Despite the progress that some trusts are making, it is clear that the health service finds it difficult to implement systems or to innovate at scale. The summit held a café workshop on why this might be the case.
One issue that came up from table after table was changing political imperatives, and another leadership. The Nuffield Trust, whose director of healthcare systems, Candace Imison, attended the event, recently issued a report arguing that boards need to engage with the digital agenda, and make sure they are applying best practice to implementations.
Digital Health’s own, first, annual NHS IT Leadership Survey suggested that one barrier to doing this might be the lack of representation of both IT managers and clinical IT leaders on boards.
However, Professor Michael Thick, the chief clinical information officer for IMS Maxims, pointed out that leaders also need to think about the wide variety of staff groups and personalities they needed to deal with.
“You will have the Eyeores, the guys from the Muppets who sit in the gallery and criticise everything, the Tiggers who bounce on everybody, and people who are just pragmatic,” he said. “You need to influence all of them.”
Another issue that came up was that implementations can stall. The NHS has any number of trusts that have rolled out one or two modules of a system, and then got no further with it; or that have failed to take up technology adopted by pioneers.
A good example was given on the second day of the summit, when Professor Mike Murphy from Oxford University Hospitals NHS Foundation Trust outlined the work it has undertaken to roll-out blood tracking and to install a fully paperless system for ordering blood products.
Despite impressive safety benefits, few trusts have followed suit; and delegates speculated on reasons that ranged from a lack of knowledge about the work, to “a loss of confidence” at organisations with less effective trials of the technology, to a lack of pressure for change from regulators.
Sticking to the vision
Further barriers to working at scale included money, the perennial concern that information governance prevents data sharing (whether it actually does or not), integration challenges, analytic capability, and silo working.
At the end of the day, Andy Kinnear, the leader of the Connecting Care Partnership, which has built a shared care record in Bristol, said the only way to overcome these issues was to have a bunch of people who trusted each other enough to solve them and go on solving them.
“I have sat at the same desk for ten years, and I have worked for at least five different organisations,” he said. “I have five lessons to show you [from Connecting Care] but only one matters; and that is that this is all about people and how they behave.”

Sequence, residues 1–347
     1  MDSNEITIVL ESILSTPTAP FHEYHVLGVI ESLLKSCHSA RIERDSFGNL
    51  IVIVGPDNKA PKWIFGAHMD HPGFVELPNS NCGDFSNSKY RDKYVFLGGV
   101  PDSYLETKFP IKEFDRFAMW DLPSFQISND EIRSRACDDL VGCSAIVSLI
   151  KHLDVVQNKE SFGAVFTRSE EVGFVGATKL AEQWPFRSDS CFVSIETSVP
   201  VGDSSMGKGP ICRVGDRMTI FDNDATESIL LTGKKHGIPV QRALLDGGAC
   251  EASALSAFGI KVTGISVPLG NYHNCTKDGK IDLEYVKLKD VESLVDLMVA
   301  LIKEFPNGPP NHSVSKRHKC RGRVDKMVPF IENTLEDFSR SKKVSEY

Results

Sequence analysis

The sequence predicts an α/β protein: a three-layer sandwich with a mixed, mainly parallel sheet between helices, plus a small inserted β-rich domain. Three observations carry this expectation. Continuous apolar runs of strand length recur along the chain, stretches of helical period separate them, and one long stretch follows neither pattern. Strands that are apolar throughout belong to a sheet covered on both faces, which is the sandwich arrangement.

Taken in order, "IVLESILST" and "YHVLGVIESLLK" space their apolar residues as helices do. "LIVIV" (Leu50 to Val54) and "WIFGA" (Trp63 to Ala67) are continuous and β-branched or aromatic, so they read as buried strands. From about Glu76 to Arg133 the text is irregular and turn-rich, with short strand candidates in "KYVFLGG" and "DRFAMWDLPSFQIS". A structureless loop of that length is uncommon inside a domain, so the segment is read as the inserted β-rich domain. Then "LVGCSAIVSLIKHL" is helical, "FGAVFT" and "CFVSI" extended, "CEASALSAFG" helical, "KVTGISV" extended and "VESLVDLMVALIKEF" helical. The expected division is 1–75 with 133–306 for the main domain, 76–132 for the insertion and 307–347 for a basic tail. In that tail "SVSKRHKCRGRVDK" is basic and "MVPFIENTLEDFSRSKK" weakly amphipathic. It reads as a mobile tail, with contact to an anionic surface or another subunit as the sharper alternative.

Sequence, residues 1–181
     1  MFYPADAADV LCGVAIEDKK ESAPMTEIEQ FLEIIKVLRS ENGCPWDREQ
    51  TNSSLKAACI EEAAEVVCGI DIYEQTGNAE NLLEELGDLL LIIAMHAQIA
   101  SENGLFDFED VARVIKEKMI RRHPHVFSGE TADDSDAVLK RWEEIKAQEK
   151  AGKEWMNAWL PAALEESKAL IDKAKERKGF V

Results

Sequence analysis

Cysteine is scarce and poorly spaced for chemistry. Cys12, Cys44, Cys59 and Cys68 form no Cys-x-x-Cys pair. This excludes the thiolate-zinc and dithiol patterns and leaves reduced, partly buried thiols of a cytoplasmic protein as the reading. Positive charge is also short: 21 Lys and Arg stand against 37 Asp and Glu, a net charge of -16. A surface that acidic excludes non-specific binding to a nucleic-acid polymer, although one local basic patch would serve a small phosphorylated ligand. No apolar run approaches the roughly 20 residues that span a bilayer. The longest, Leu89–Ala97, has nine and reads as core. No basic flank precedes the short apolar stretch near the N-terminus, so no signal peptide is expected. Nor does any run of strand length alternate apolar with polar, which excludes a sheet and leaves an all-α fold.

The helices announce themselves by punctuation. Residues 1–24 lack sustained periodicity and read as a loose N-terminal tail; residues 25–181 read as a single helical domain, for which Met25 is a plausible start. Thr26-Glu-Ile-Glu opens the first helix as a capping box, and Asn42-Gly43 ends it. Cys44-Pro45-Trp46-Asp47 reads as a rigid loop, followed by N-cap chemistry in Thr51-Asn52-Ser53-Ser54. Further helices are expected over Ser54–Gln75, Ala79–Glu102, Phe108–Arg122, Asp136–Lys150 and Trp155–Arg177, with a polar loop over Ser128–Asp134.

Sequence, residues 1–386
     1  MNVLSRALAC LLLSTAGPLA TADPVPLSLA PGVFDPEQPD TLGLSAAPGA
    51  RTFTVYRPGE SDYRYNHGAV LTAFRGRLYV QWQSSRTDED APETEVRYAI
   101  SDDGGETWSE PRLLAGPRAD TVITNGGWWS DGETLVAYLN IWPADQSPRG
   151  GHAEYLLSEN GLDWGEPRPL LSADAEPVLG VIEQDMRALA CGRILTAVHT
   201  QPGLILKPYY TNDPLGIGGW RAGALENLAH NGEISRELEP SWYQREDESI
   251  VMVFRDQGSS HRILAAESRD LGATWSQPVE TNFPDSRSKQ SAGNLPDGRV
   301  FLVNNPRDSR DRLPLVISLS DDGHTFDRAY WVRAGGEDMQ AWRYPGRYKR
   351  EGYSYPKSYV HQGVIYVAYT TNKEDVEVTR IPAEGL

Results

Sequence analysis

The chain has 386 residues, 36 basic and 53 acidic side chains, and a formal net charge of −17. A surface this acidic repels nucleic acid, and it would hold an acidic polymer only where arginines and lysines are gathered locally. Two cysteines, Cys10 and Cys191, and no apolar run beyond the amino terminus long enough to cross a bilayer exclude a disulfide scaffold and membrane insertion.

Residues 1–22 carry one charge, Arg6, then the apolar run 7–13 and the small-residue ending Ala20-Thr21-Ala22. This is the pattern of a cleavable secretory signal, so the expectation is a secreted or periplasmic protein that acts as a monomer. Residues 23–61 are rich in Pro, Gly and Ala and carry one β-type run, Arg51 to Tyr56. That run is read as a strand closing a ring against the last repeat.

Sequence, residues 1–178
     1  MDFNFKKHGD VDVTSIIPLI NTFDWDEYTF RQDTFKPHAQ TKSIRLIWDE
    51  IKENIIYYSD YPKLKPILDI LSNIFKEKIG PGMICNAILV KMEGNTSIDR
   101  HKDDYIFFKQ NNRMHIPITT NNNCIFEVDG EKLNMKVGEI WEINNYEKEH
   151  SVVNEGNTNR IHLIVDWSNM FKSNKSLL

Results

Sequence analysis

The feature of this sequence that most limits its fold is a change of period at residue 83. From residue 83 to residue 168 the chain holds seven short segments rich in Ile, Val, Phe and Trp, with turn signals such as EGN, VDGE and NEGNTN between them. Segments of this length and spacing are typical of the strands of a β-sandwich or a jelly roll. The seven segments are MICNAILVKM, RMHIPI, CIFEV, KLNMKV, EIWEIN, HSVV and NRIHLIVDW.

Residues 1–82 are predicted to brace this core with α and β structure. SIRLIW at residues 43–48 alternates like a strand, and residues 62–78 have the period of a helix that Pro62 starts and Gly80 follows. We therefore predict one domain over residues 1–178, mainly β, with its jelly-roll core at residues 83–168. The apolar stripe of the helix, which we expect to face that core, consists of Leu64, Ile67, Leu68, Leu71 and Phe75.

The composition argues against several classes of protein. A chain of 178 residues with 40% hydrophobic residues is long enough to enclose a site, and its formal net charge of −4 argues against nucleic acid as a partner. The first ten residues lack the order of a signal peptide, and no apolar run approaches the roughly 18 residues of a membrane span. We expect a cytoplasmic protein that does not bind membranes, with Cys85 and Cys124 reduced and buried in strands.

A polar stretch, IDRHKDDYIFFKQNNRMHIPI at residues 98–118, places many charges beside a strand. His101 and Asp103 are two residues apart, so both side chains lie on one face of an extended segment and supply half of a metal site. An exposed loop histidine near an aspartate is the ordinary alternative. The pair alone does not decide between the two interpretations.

News from down-under
If it is any consolation, the NHS in England is not alone in the pressure that it faces, in its IT responses, or in the challenges that it faces to getting them used at scale. The summit hosted a delegation of Australian and New Zealand IT leaders, who said their organisations also have rising demand and limited funding to deal with it.
Both countries have seen regional NPfIT-like projects come and go, leaving hospital chains to pick and implement their own EPRs. And the Australian contingent said they envied England’s Spine and NHS Number, since they lack similar ‘rails’ to join them together.
Against this backdrop, Gregory Stevens, the chief medical officer of HealthShare in New Zealand, said his top tip was to have a crisis. The Christchurch earthquake, he pointed out, had turned a struggling shared record project into a vital resource when it suddenly became one of the few ways for clinicians to access patient information.
Without a crisis, Bruce Winzar, the chief information officer of Bendigo in Australia, which is building a new hospital and has just appointed InterSystems to supply its EPR, stressed the importance of executive buy-in.
The sixteen chief executives in his group had sat down together once a month for a whole year to come up with a strategic plan that also envisages a significant shift towards telehealth.
With that in place, he said, his top tip for a successful implementation was to keep integration to a minimum – “because even if everything is supposed to be HL7 you are going to get bubbles” – and to focus on training staff who may have very different experiences of IT.
Solving the interoperability piece
Integration had its own focus at the conference. McDonald outlined the principles behind the Newcastle Declaration that the CCIO Network drew up last year, which seeks to prevent providers or suppliers preventing the information that clinicians need from reaching them.
Paul Cooper, the research director of IMS Maxims and vice chair of techUK, said the industry body’s recent interoperability charter had many of the same principles; and it was now up to trusts to “ask the right questions” of companies to get it embedded and working.
David Stables, the co-founder of Emis who has set up his own charitable trust to promote interoperability, pointed out that the Endeavour, from which his trust takes its name, had “discovered Australia” and “then sank.” He said he wanted the trust to do the same; to achieve its aim and disappear.
But he outlined a rather different route to this end, saying he was increasingly convinced that local health economies should control their own data, and then ask suppliers to provide services that use it.
“We need companies to come forward with a service model and not a licence model,” he said. “Once everybody can access the data with common APIs, you can have lots of providers; if you are a paediatrician, you can have the same choice of two or three paediatric systems as every other paediatric consultant in the world.”
Lessons from the GWR
Once the infrastructure for something exists, services to run over it can take off very quickly. Thomas Cook was taking people to the Great Exhibition by 1851 and to the continent by 1855. Even so, his passengers sometimes had to change trains, because companies continued to use different gauges until 1892.
Railway time was not the only standard that needed to be set. In the end, it took a Royal Commission to rule on the merits of broad and standard gauge; and fifty years for the Great Western Railway to finish moving from one to the other.